Spread of Common Day Care Illnesses Caused by Misconceptions About Illness Transmission
FOR IMMEDIATE RELEASE:
Monday, April 4, 2005
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Leah Gourley & John Lacey
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Simple Public Health Tool Can Reduce Transmission
Viral upper respiratory and gastrointestinal infections are the two most common illnesses that occur in children enrolled in day care, and secondary attack rates within families can be as high as 27 percent for respiratory illnesses and 70 percent for gastroenteritis.
New research published in the April issue of Pediatrics shows that in homes with children enrolled in day care, several misconceptions regarding illness transmission may be contributing to the spread of these diseases.
The study found that only two thirds of parents believed that contact transmission was important for the spread of colds, and fewer than half believed it was important in the spread of stomach flus. Perhaps more surprising, fewer than half stated that changing a diaper and eating food prepared by a person with gastroenteritis were important in spreading stomach flus.
''Misconceptions about the mechanisms of illness transmission were common,'' said the study's lead author Grace Lee, Harvard Medical School instructor in ambulatory care and prevention in the HMS Department of Ambulatory Care and Prevention. ''We need to educate families about the importance of hand hygiene in reducing the spread of illnesses.'' Lee is also an HMS instructor in pediatrics at Children's Hospital Boston.
The study measured respiratory and gastrointestinal illness transmission rates in 208 families from the metropolitan Boston area with at least one child in day care. It also surveyed these families about beliefs and practices regarding illness transmission.
''Our study also suggests that use of alcohol-based hand gels may play an important role in decreasing respiratory illness transmission in the home, '' Lee said. The study indicated a 40 percent reduction in secondary illness transmission in families who frequently used alcohol-based hand gels.
''Alcohol hand sanitizers kill most viruses that cause respiratory and gastrointestinal illnesses in the home, and they are extremely convenient and portable. They also are remarkably gentle on the hands. If families understood how useful these products are, I think they would use them more often,'' said Donald Goldmann, HMS professor of pediatrics at Children's Hospital Boston and senior author of the study.
This is one of the few longitudinal studies of illness transmission in the home since the widespread use of childcare has altered the epidemiology of infectious disease in the U.S. The investigators focused on secondary transmission to family members since these infections are potentially preventable through household hygiene. The study findings bolster the results of recent studies that found use of alcohol gel hand sanitizers reduced absenteeism when used in the classroom and reduced respiratory tract infections in extended care facilities. The researchers believe that targeted educational interventions about the importance of hand hygiene and use of alcohol-based gels should be considered in the future to reduce the spread of illnesses in the home.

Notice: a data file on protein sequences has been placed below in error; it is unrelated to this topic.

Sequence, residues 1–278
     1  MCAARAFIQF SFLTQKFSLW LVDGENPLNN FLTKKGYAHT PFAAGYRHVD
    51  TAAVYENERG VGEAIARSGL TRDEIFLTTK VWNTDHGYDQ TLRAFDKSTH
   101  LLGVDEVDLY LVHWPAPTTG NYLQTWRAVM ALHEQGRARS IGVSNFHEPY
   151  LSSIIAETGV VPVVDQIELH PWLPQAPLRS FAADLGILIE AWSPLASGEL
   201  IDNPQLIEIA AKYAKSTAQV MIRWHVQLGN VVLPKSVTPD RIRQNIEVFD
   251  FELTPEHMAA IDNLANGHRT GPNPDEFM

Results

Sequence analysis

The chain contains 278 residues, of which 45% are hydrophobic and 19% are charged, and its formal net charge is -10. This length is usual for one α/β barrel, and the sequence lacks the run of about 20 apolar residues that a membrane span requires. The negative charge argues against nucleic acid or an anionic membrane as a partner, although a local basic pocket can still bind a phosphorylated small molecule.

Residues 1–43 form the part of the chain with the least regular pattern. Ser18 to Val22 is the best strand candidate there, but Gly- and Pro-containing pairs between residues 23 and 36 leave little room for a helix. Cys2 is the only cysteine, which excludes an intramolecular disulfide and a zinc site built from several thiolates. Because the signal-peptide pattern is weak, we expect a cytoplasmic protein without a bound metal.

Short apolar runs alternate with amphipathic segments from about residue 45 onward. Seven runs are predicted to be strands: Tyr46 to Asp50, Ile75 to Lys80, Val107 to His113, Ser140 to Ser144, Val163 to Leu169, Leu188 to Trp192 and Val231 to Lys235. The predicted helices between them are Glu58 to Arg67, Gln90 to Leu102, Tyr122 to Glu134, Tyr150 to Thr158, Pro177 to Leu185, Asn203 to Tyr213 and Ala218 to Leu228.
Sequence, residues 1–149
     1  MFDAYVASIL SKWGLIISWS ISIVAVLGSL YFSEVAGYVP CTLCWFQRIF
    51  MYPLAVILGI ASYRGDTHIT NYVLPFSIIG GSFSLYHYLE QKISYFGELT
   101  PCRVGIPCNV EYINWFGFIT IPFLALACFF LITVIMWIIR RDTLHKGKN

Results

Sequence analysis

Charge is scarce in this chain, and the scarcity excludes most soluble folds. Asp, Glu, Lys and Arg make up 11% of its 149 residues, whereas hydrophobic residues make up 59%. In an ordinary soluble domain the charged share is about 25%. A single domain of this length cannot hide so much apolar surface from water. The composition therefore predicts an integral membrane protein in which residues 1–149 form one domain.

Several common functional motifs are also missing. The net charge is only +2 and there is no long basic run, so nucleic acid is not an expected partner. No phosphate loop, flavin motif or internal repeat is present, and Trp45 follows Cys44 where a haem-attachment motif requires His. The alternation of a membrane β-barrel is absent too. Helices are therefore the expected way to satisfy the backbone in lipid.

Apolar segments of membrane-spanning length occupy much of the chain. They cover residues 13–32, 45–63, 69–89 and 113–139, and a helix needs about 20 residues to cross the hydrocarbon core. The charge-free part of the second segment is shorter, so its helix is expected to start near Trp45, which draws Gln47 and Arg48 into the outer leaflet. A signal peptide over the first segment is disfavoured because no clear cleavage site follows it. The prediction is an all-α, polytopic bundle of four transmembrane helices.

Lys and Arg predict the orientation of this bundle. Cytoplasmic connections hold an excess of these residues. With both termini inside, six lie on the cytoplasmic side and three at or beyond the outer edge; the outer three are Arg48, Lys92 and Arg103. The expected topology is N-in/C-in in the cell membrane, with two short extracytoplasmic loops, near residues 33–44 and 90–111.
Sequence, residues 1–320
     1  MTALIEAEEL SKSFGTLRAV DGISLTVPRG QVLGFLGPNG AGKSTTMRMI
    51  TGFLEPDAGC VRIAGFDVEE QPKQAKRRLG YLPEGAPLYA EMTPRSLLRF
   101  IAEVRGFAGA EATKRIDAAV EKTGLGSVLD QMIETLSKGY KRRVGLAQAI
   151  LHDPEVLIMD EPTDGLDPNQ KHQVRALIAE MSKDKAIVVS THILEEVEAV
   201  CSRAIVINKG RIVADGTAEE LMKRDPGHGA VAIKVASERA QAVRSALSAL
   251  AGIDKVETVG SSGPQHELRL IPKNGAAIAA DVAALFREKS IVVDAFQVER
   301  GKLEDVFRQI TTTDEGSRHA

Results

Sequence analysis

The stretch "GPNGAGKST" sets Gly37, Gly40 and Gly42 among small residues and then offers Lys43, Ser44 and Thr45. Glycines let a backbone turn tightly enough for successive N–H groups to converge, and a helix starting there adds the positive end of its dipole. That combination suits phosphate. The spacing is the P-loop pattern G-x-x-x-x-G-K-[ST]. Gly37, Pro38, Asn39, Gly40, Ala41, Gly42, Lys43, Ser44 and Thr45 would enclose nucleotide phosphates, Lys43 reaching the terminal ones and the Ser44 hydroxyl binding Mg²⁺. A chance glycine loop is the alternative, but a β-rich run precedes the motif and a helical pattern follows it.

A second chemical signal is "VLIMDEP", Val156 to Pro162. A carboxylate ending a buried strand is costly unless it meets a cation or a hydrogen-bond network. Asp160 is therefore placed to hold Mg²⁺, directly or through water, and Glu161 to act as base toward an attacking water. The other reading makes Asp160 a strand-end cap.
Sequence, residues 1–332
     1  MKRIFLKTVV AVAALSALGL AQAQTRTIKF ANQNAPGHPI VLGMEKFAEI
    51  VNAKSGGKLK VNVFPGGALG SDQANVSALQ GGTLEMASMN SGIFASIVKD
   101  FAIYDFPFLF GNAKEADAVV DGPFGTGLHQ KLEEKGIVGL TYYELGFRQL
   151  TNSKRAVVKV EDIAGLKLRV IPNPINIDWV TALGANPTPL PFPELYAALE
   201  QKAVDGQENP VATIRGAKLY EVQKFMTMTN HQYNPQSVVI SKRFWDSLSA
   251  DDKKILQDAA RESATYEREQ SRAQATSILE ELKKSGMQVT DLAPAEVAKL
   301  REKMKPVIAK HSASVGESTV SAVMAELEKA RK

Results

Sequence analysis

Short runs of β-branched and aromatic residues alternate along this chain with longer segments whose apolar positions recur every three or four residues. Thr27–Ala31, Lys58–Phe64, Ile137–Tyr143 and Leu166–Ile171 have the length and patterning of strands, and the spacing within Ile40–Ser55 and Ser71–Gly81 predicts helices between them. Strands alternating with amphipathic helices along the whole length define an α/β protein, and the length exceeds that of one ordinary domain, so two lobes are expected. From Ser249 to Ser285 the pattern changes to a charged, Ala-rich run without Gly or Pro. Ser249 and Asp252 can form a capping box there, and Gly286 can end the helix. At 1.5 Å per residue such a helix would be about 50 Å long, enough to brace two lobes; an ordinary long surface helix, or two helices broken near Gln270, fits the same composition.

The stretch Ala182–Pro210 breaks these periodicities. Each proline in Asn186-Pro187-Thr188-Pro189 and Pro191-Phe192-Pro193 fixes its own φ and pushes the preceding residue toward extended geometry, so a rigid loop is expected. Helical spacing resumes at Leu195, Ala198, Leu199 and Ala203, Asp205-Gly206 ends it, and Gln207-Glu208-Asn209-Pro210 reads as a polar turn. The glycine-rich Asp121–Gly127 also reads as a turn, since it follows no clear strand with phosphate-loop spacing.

HARVARD MEDICAL SCHOOL
Harvard Medical School has more than 5,000 full-time faculty working in eight academic departments based at the School's Boston quadrangle or in one of 47 academic departments at 18 Harvard teaching hospitals and research institutes. Those Harvard hospitals and research institutions include Beth Israel Deaconess Medical Center, Brigham and Women's Hospital, Cambridge Health Alliance, The CBR Institute for Biomedical Research, Children's Hospital Boston, Dana-Farber Cancer Institute, Forsyth Institute, Harvard Pilgrim Health Care, Joslin Diabetes Center, Judge Baker Children's Center, Massachusetts Eye and Ear Infirmary, Massachusetts General Hospital, Massachusetts Mental Health Center, McLean Hospital, Mount Auburn Hospital, Schepens Eye Research Institute, Spaulding Rehabilitation Hospital, VA Boston Healthcare System.
CHILDREN'S HOSPITAL BOSTON
Children's Hospital Boston is the nation's leading pediatric medical center, the largest provider of health care to Massachusetts' children, and the primary pediatric teaching hospital of Harvard Medical School. Children's provides pediatric and adolescent health services for patients from birth through age 21. In addition to 325 inpatient beds and comprehensive outpatient programs, it houses the world's largest research enterprise based at a pediatric medical center. More than 500 scientists, including eight members of the National Academy of Sciences, nine members of the Institute of Medicine and 10 members of the Howard Hughes Medical Institute comprise Children's research community. For more information about the hospital visit: www.childrenshospital.org.